13 November – 13 December 2015
When I first met Lyle Perkins in Los Angeles in 2011, the London artist was a visiting artist-in-residence at the Raid Gallery Downtown. The Arts District is full of legally-zoned industrial spaces where artists live on the fringes between Tinseltown and Skid Row. The latter milieu seemed to inform Perkins’ representational watercolors depicting the overfilled shopping carts of L.A.’s homeless, images which most Angelenos are conditioned to filter out of their sun bleached dream vista. But as an outsider, Perkins’ studied them, subtracting the person to whom the cart belongs and the dirty streets and surrounding areas they traverse. Against a white space they look like highbrow children’s book illustrations until after staring at them your mind fills in the blanks – the misery of mental illness and poverty
Since moving to London two years ago I regret not seeing Lyle as much as I’d seen him in L.A. where I even managed to get him to play guitar in my ad-hoc band in Silver Lake, Purple Thermus. Family responsibilities and all that. This past week however I managed to extract myself from my basement flat and trek to Bethnal Green for his latest opening at a store front gallery called French Riviera.
‘Ease of Use’, is a small exhibit consisting of a series of paintings based on everyday objects, a broken chair for example, painted in a manner both representational and abstract. Here again, Perkins extracts commonplace objects from reality by boosting the colours to extract the formal configurations from reality. Within the tightly conceived compositions, the subject matter questions sculptural forms without the sociological implications of his Los Angeles work, however unintentional they may have been.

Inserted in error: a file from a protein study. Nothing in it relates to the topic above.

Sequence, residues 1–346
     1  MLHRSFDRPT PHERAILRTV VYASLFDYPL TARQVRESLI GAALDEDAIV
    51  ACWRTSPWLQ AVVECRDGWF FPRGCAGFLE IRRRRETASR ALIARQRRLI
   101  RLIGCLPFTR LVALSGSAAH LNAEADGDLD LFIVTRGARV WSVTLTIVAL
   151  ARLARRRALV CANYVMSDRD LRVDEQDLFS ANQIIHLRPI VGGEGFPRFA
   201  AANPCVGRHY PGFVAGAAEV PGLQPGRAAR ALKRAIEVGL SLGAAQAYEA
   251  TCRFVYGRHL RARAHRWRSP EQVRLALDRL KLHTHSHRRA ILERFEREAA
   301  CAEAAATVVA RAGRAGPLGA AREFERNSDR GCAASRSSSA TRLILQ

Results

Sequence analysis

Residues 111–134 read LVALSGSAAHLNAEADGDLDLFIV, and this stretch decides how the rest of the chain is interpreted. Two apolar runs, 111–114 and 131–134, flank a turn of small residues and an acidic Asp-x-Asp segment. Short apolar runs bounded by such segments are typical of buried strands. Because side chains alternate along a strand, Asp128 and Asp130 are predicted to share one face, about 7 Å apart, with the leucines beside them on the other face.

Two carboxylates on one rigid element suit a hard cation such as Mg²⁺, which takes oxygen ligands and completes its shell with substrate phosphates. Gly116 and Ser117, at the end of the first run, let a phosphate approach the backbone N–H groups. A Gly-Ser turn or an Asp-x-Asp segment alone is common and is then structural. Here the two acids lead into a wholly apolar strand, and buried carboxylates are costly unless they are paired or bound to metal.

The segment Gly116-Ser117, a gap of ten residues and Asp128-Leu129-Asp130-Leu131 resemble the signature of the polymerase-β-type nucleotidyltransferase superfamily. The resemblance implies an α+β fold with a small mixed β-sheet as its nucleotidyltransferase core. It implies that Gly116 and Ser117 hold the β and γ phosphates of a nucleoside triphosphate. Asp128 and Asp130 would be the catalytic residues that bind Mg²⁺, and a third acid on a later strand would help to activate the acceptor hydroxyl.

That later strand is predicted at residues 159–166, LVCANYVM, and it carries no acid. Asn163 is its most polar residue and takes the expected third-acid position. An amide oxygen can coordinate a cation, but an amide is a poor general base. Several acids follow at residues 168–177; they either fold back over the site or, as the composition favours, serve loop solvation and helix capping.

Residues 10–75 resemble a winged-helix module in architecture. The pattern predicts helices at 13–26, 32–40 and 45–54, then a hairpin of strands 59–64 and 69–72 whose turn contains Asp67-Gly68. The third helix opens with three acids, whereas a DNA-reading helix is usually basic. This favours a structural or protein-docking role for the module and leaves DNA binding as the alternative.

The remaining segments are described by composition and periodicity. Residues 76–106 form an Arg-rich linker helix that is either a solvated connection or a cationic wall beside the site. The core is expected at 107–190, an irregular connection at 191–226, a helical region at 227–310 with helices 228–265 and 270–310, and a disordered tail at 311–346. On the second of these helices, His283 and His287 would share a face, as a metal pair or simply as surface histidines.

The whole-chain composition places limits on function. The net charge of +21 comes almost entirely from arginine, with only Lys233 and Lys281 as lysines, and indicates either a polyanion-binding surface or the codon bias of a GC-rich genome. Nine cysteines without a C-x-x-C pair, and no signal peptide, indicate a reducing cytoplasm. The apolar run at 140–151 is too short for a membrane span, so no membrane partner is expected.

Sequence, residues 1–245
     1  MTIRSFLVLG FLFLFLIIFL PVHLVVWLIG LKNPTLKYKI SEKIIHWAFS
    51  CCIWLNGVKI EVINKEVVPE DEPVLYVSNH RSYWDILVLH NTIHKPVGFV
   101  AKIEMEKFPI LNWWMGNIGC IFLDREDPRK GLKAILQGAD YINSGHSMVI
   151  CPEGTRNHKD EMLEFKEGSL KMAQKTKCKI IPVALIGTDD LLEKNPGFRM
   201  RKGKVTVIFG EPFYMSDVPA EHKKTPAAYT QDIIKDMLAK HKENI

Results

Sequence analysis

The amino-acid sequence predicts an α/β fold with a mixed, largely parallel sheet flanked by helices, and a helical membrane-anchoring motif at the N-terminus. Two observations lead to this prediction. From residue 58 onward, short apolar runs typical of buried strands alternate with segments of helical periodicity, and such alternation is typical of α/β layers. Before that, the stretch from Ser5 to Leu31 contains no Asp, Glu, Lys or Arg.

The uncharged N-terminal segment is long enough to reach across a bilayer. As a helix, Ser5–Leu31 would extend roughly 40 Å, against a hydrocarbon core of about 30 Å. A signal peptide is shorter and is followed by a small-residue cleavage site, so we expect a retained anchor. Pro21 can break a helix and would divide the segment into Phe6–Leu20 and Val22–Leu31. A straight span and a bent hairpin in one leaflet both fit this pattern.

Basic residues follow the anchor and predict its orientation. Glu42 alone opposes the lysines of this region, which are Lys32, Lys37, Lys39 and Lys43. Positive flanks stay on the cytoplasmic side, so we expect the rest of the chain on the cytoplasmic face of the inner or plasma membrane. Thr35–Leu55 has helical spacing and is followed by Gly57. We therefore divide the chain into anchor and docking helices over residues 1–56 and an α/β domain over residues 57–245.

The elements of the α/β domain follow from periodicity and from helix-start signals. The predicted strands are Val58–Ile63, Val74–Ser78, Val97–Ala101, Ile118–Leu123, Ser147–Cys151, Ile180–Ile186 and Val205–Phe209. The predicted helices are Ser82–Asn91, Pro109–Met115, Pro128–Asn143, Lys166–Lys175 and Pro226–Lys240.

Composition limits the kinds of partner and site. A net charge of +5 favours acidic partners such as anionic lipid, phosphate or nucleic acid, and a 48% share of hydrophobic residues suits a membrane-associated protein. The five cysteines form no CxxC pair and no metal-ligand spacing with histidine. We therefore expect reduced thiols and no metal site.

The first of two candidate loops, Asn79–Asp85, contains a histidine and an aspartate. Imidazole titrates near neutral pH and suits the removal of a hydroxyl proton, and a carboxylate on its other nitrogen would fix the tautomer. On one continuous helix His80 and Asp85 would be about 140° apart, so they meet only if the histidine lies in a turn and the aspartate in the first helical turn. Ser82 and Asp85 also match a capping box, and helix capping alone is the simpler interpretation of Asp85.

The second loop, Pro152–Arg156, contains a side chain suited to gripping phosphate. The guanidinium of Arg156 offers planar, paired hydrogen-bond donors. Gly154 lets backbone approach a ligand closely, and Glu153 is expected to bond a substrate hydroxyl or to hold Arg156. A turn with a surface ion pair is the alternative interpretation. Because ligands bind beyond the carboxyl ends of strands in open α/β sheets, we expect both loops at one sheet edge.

As before Perkins experiments with the structure of the canvas, leading him to layer brightly coloured hues and create multiple planes and gestural motions. His use of utilitarian subject matter has been compared to Gerhard Richter’s painting Tisch (1964) and attempts to create a new vernacular distinction between photo realism and painterly abstract vision.
Since I’ve run out of art speak I’ll copy and paste from the gallery description:
“This dialogue continues in a number of works such as Buddy (2015) and Pymmes (2015) where the subject is displaced against a vivid yet ambivalent setting. In paintings such as Barnard Park (2015) and Chair in Finland (2015), natural surroundings are depicted whereby Perkins evokes an ‘emotional formalism’ within these oddly surreal paintings, that are contemporary in atmosphere and yet, timeless in subject matter.”
As a subject of common interest, we chatted about L.A. with a third person who’d never been. “It’s so amazing, you have to go” he said to the somewhat incredulous friend and I was startled by his affection born from distance perhaps and more likely the general soggy misery of London in winter. He was really selling it. She’d better hurry though. That same Arts District is evolving into a desirable locale and places like Raid and the 18th St. Arts Center may soon make way for not-so-affordable luxury residences. THe overflowing shopping carts will end up in a landfill and their owners disappeared. It’s a story played out in every major city, especially here in East London where you need to run a hedge fund just to live on the outskirts. An exaggeration maybe, but it could point to a yearning that seeks non-reality in everyday objects when you’ve put down stakes in a city of smoke but your mind is somewhere over the rainbow.
French Riviera is a gallery in Bethnal Green, East London, presented by artists Samuel Levack and Jennifer Lewandowski as an extension of their long-standing collaboration.
Originally published in Saachi Gallery Art & Music Magazine